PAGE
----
Social scientists refer to efficiency as the cost that society as a whole will pay compared to the cost if certain actions were or were not undertaken. For example, the social cost if there are no energy conservation policies could include a rise in pollution, degrading health, social unrest, hunger, job loss, and a decline in the economy overall.

Economists refer to efficiency in terms of the maximum profit that can be gained from a given transaction. The most widely accepted definition of economic efficiency is Pareto efficiency. A market is most efficient when it makes the public as a whole “better off.” As long as the market has not reached its most efficient point, the economic pie enlarges and, in principal, everyone can benefit by getting a bigger slice.

Question: When does the market for a car sales reach its peak economic efficiency?

Answer: As long as there are buyers who are willing to pay for the cost of owning a car and there are sellers who are willing to satisfy customers’ demands, the market has room for additional cars. That is, the market is Pareto efficient when demand balances supply.

Question: Is a “zero pollution” solution compatible with the concept of economical efficiency?

Answer: The zero pollution option will not make the outcome economically efficient. Although the public is willing to pay for certain amount of cleanup cost, at a certain point the increase in the marginal cost of cleanup does not justify the marginal benefits and brings enough economic hardship to a large number of people that the happiness of some would not make up for the unhappiness of the rest.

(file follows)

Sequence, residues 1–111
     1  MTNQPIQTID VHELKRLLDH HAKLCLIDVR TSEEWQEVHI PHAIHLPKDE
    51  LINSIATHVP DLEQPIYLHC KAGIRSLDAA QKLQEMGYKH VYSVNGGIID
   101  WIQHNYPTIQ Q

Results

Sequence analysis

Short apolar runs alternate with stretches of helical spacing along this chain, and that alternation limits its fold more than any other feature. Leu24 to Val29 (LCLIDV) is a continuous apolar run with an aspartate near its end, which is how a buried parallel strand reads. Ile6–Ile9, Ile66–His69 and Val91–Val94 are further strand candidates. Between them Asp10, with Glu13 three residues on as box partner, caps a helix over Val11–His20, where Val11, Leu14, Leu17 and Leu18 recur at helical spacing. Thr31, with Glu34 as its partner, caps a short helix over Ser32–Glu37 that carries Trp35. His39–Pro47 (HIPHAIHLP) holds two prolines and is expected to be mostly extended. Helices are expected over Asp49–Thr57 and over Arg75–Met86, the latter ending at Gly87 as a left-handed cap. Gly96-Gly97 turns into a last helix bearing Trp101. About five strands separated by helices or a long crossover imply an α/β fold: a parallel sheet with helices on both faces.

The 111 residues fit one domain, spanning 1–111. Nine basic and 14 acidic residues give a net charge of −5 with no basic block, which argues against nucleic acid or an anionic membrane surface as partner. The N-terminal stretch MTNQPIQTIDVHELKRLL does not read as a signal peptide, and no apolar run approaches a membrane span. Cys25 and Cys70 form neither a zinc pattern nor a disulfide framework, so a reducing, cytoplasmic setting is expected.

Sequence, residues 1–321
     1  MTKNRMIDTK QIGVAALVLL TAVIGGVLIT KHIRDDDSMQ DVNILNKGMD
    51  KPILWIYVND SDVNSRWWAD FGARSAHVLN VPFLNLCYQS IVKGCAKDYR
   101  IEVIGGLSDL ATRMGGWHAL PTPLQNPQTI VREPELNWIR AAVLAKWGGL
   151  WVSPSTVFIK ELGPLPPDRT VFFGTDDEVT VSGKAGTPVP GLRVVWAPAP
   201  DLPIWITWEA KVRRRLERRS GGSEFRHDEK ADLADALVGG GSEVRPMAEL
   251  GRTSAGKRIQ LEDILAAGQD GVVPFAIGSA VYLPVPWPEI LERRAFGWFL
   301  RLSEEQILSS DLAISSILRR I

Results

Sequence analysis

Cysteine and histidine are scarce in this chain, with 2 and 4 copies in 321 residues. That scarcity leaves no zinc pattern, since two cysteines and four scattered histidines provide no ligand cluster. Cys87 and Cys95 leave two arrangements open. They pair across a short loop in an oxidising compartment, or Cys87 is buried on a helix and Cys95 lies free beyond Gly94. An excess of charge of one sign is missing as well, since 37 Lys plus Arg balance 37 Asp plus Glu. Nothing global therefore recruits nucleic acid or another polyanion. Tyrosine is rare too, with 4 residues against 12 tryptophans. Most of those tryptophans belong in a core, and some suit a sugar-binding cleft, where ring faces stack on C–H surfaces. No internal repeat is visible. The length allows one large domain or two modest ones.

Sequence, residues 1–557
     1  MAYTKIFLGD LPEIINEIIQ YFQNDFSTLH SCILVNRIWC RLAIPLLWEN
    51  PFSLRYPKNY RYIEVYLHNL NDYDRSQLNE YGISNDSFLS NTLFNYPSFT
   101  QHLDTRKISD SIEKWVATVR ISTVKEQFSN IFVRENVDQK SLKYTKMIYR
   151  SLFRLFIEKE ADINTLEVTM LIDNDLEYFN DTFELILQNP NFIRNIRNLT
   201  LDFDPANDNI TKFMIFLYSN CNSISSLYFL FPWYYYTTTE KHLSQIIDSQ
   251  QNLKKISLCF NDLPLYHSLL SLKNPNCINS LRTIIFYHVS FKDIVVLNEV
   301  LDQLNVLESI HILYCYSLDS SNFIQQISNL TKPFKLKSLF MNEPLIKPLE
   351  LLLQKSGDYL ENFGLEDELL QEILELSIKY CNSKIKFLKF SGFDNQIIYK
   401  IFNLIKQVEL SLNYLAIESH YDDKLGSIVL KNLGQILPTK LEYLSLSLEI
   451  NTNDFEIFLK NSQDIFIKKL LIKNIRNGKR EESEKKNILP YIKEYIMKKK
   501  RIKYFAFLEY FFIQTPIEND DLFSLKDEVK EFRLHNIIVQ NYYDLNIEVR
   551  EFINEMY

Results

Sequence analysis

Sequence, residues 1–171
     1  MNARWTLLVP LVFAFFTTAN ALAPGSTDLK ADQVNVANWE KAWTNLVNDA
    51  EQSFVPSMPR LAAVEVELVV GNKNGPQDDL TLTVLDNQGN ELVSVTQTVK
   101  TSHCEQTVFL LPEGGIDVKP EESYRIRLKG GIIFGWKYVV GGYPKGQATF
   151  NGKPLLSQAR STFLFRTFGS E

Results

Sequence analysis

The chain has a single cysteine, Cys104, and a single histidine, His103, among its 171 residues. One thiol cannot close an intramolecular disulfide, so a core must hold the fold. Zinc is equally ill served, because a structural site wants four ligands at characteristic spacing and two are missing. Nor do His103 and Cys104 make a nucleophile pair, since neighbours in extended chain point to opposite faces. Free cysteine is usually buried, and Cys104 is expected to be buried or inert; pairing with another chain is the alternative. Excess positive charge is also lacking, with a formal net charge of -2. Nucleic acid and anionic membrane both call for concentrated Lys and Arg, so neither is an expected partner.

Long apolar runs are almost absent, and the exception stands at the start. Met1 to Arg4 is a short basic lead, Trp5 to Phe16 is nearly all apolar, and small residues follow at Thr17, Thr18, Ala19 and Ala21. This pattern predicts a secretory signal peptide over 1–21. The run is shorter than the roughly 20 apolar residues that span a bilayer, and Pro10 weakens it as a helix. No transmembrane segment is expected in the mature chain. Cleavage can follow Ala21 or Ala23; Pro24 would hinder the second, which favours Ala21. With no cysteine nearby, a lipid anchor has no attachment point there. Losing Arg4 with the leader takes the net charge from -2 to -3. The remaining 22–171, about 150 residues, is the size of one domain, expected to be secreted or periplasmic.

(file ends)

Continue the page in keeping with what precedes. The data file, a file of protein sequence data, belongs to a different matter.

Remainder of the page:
(1) Harmelen, T., et al., “An analysis of the costs and benefits of joint policies to mitigate climate change and regional air pollution in Europe.” Soil and Water Pollution, 5, pp. 349-365, 2002.

(2) This example is borrowed from Economics Today, by Roger LeRoy Miller and Daniel K. Benjamin, Addison Wesley Educational Publishers, Inc, 2001-2002.

(3) Toossi Reza, "Energy and the Environment:Sources, technologies, and impacts", Verve Publishers, 2005

Further Reading

Chapman, D., Environmental Economics: Theory, Application, and Policy,” Addison-Wiley, 2000.

Goodstein, E. S., Economics and the Environment, 4th Ed., John Wiley & Sons, 2002.

Siebert, H., Economics of the Environment: Theory and Policy, Springer Verlog, 2004.

Dauvergne, P., Handbook of Global Environmental Politics, Edward Elgar Publishing, 2005.

Journal of Environmental Economics and Management (JEEM), the journal of Association of Environmental and Resource Economics.

Ecological Economics – Direct Science Elsevier Publishing Company, the journal of the International Society for Ecological Economics (ISEE).

Environmental Economics and Policy Studies – Published by Springer-Verlog, New York is the official journal of the Society for Environmental Economics and Policy Studies.

External Links

US Agency for International Development (http://www.usaid.gov/)

National Center for Environmental Economics (http://yosemite.epa.gov/ee/epa/eed.nsf/pages/homepage).

United Nations Development Program (http://www.undp.org).

United Nations Environment Programme (http://www.unep.org).

Intergovernmental Panel on Climate Change (http://www.ipcc.ch).

World Resource Institute (http://www.wri.org)

Union of Concerned Scientists (http://www.ucsusa.org).